are you taking over, or are you taking orders?

Tuesday, December 13, 2011

Rick Perry's Ad

Dear readers, another Republican has come out of the closet. That's right: Rick Perry has decided that he's not afraid any more, and has to let a deep secret be known: he's a privileged, homophobic ass.

Not exactly a revelatory statement. The video really is just a desperate ploy by Perry, previous not-Mitt Romney Republican frontrunner to remain relevant in an election campaign that has long since shot him in the knee and left him for dead by the side of the road. This video is absurd, and awful, and seemingly just the sort of thing that should be ignored and pushed to the side in a supposedly civilized society like ours. But, as I wrote a few weeks ago, that is not a viable option.

See, the reason why this video has resonated so much is not simply because of its blatant bigotry, but instead because its warped view of reality is one that is at the forefront of rightwing policy. Sikivu Hutchinson, one of my absolute favorite writers and someone EVERYONE needs to be reading, put it perfectly:

In American politics, patriotism, race-baiting and faith-based pandering are the last refuge of a scoundrel.  And this political season militant GOP appeals to white Christian evangelicals have veered into neo-Cold War hysteria. One of the most powerful scenes in Orwell’s 1984 was when Party member O’Brien succeeds in brainwashing protagonist Winston Smith into believing that 2+2 equals 5.  The Religious Right has been practically virtuosic in its 2+2=5 mass doublespeak; convincing mainstream America that Christians are the new minority and that commie pinko “secular progressives” (Bill O’Reilly’s preferred “smear”) are at the helm of a socialist conspiracy.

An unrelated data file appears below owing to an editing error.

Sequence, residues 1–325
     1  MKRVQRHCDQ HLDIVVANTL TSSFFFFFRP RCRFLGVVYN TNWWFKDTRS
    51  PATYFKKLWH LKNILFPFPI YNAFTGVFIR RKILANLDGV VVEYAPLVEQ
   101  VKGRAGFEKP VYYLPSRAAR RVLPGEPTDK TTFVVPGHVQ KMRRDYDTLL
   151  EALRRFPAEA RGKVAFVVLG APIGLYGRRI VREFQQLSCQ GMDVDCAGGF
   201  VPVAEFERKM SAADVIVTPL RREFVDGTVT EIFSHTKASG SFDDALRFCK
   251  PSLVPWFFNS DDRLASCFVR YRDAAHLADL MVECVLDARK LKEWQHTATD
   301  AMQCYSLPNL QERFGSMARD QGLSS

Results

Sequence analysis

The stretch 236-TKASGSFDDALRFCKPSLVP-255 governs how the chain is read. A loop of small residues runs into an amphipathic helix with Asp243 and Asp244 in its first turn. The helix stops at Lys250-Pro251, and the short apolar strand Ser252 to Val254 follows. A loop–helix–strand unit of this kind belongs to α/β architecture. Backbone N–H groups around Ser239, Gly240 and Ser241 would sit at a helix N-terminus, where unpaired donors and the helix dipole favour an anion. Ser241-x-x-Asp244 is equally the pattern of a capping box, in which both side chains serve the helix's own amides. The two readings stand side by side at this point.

That's right, folks. In the United States, the nation with the highest percentage of Christians in the population in the world, the Jesus-lovers are now a minority and the homo atheist socialists are in control. At least, that's what the Republicans would like you to believe. Personally, I wish with all my might it was true, but that's just me.

Christian nationalism is very much a thing, people. The Ricks Perry and Santorum would like nothing more than our country to become a theocracy, with Pat Robertson at its head. They may not have poll numbers of any relevance, but they have still been elected, in some cases repeatedly, and they have many, many allies in Congress and other branches of government.

I don't think I have to tell you what would happen if they actually managed to be elected to higher offices. They all hate non-straight people openly, hate non-whites a smidge less openly, and if Perry's record as Governor of Texas is any indication, have itchy trigger fingers and plenty of weapons for them. Their platforms are the old fascism of the 30s and 40s wearing new faces. We can deride them, and we should do that, but we must not let that derision stop us from taking these people seriously. They have the capacity to make things awful for all of us, not just make our brains drip out our ears with their inanity.

1 comment: